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water and then nosedived into the lake. that's when the ferryboat owner and crew jumped into action. >> and i saw the plane starting to sink and that's when we just kicked into overdrive and greg made his way out there and we got the high of ring and the life jackets. some of the passengers helped out with the life jackets and we were able to get those in the water and i gathered the boat hook and the ladder. >> pulled him up to the ladder. as i pulled them up i asked everybody if they were okay to get on board, if they needed assistance and nobody needed any help climbing up. >> all four people aboard the plane are doing fine tonight, no word j the plane crashed. -- why the plane crashed. the how says the president is not backing -- the white house says the president is not backing off in any way from remarks he made last night on a controversial plan to build a muslin community center including a mosque near ground zero. the president said muslims have the right to build a mosque near ground zero and today he
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clarified what he meant. >> i will not comment on the wisdom of making a decision to put a mosque there. i was commenting very specifically on the right that people have that dates back to our founding. >> last week the project received final rival from the city allowing it to move forward, but a recent poll found that a majority of americans, 68%, in fact, do not approve of building a mosque so close to where the world trade center towers fell. coming up tonight on 9 news now out of control wildfires getting hundreds of firefighters -- giving hundreds of firefighters a major battle this weekend. are they catching a break from the weather. and the job is far from over in the gulf, but the region is safe for travel as the first family heads there this weekend. that's next. you're watching 9 news now. >> and our weather has been rather mild for the last few days. cloud cover today kept temperatures down to only 84. our wakeup weather tomorrow, still mostly cloudy skies and we are looking for temperatures pushing through the 70s to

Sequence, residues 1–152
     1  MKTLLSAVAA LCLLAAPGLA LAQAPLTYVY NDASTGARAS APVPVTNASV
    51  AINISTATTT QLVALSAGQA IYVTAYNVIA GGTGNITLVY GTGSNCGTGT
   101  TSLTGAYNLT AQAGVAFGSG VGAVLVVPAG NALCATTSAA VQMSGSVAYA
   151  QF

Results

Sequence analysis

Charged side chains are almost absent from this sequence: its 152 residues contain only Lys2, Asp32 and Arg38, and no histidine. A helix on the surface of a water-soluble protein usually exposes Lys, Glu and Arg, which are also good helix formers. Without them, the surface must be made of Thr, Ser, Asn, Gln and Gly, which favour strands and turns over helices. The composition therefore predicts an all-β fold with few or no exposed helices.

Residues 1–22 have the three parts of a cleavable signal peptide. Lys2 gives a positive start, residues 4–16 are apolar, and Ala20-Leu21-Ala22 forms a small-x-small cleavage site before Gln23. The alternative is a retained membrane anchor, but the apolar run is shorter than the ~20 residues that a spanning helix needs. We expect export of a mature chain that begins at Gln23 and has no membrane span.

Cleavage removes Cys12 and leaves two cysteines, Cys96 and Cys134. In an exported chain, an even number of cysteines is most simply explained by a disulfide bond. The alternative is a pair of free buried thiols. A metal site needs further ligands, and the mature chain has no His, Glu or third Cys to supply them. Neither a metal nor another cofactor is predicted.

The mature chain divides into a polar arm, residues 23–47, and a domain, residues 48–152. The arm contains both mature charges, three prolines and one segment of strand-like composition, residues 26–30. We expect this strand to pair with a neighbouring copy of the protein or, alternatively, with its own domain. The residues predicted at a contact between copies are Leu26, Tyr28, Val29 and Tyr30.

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about 78. i'll talk about warmer temperatures, more humidity in our complete forecast in just a moment.
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welcome back. president barack obama says the oil may have stopped flowing into the gulf of mexico, but the government's job is far from done. e says the clean-up must continue and -- he says the clean-up must continue and the polluters must be held responsible. as terrell brown tells us tonight, the first family is in the florida panhandle this weekend to convince the americans that the region is safe for travel and the surf is clean. >> reporter: president obama took a plunge into the water of the gulf with his daughter sashay the white house photo was released hours after the president made this promise. >> i'm going go swimming, but we're not going to let the press come because you guys will take pictures of me without my shirtful on. >> reporter: first family headed south as -- shirt on off. >> reporter: the first family headed south as a show support
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for the gulf coast. now oil is showing up on the gulf's -- no oil is showing up on the gulf's beaches. >> beaches all along the gulf coast are clean. they are safe and they are open for business. >> reporter: the president and his wife shook hands with coastguard officers who worked on the front lines of the oil spill. the government's' point man on the crisis says approval to finish a relief well to seal the spill for goodwill likely come tuesday, but the president offered reassurances that the federal government isn't pulling out resources yet. >> i'm here to tell you that our job is not finished and we are not going anywhere until it is. >> reporter: the president and first lady also attended a roundtable discussion with local and state officials and business owners. some who work in panama city beach say tourists are coming back. >> it slowed down, but we are able to pick up some business here and there. >> reporter: the president will overnight in florida before returning home to washington sunday. terrell brown, cbs news. the president's other